You have to be one hungry caterpillar to be a restaurant critic. By conservative calculations, I ate 300 meals out last year for Sunday reviews, Good Taste features, Crumb Tracker clue-hunting missions and other stories. That means I tasted somewhere around 2,200 different dishes over the last 365 days, so imagine trying to whittle all those great (and some not-so-great) food memories down to the 15 best bites. Yeah, I know . . . tough work. But it's really hard! It was such a great chapter for Philly restaurants (food carts, cafés, bakeries and cheese shops)
SPORTS
December 4, 2013 | BY TOM MAHON, Daily News Staff Writer mahont@phillynews.com
STREETBALL legend Aaron "AO" Owens honed his basketball skills on the playground at 16th and Susquehanna. The North Philly court is gone, but Owens fondly remembers the games, players, fans and, most of all, the atmosphere. "I remember the energy. I was a young guy [in the early-1990s] and I got to play with college and pro players. It was like a carnival," Owens told the Daily News yesterday. "There were food carts and people selling clothes. There were [hundreds of]
NEWS
April 19, 2013 | Inquirer Staff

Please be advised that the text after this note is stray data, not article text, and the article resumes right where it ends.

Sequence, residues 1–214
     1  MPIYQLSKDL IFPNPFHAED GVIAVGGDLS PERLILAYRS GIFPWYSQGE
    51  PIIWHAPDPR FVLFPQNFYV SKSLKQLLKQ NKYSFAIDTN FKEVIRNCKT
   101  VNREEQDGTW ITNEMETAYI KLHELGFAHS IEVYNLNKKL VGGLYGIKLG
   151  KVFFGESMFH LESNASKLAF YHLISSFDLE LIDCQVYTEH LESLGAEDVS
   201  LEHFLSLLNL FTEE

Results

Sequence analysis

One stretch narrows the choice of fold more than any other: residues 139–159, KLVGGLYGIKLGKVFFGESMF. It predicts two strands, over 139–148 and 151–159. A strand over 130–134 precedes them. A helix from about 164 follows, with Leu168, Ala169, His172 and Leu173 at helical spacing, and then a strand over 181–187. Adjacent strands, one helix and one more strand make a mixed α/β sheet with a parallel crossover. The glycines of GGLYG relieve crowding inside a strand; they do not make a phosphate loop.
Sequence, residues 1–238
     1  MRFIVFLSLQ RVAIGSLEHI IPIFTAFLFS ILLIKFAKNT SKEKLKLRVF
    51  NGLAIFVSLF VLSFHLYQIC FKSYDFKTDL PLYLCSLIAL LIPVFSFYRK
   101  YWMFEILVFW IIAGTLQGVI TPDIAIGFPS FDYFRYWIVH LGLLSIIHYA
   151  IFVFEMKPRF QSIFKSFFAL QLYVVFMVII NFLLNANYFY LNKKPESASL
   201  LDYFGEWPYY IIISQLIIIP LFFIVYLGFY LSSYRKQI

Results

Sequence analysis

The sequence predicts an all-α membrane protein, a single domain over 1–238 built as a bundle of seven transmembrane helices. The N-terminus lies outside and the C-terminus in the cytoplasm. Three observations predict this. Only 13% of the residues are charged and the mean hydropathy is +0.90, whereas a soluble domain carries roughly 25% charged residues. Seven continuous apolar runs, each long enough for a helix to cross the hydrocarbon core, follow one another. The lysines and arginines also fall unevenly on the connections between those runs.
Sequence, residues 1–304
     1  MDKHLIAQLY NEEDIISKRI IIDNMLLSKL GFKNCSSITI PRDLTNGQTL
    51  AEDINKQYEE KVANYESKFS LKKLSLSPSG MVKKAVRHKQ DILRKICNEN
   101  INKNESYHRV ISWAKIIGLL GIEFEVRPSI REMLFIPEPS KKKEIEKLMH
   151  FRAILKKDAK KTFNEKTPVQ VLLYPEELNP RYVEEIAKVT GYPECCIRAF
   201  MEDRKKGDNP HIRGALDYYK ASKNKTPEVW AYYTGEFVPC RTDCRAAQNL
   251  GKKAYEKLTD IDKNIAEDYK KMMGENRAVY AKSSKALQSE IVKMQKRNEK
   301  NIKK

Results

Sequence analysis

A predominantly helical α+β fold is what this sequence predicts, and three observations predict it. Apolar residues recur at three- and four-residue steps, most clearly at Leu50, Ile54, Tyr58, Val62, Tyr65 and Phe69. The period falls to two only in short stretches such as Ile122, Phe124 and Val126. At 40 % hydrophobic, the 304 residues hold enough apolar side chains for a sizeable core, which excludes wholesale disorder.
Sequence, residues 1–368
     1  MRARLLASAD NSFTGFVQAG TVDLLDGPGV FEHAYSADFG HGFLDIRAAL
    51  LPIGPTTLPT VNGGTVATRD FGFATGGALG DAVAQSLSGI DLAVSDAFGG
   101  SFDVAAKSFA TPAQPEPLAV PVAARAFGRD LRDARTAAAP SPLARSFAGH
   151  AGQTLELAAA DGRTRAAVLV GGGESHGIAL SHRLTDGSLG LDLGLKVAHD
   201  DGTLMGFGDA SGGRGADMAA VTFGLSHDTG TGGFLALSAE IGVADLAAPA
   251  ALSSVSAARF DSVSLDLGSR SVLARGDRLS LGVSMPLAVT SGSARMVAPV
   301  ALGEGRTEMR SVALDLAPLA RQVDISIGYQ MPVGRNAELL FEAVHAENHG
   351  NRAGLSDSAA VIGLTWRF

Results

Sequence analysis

And elderly fruit cart vendor was fatally stabbed early Thursday in South Philadelphia while preparing to leave for work, officials said. Police found Don Ly, 68, near his cart on the 400 block of Vollmer Street before 5 a.m. He had been stabbed seven time to the neck, arm and body and was taken to the Hospital of the University of Pennsylvania, where he died at 5:33 a.m. police said. Police said robbery did not appear to be a motive and investigators were studying surveillance video from the area for clues.
BUSINESS
August 7, 2012 | Associated Press
Food trucks selling gourmet goods such as tacos, barbecue and cupcakes have grown in popularity in recent years. But people have been buying street food for generations. Food carts were already a fixture in many cities in the 1800s. Hot dog, sausage and pretzel vendors have been selling quick lunches to office workers and tourists on city streets and in beach towns since the early 1900s. The website for Good Humor ice cream says the company's first trucks hit the road in 1920.
NEWS
May 4, 2012 | Craig LaBan
Craig LaBan: Mike Klein and I popped by this adorable little cart, Spot, to try their house-ground burgers, and cheesesteaks. They butcher the meat themselves from a big top round, pretty impressive for a place that's 6 feet long. They've got the system down pat, with someone taking orders beneath the shade of a red awning on the yellow cart, with a grill-master inside sizzling away at warp speed. You know they've got ambitions with ingredients like "mire-poix" (for the meatloaf) and an "Umami" signature burger (excellent, with pickled daikon, mushrooms, and gochujang)
NEWS
July 25, 2011 | By Larry Platt, Daily News Editor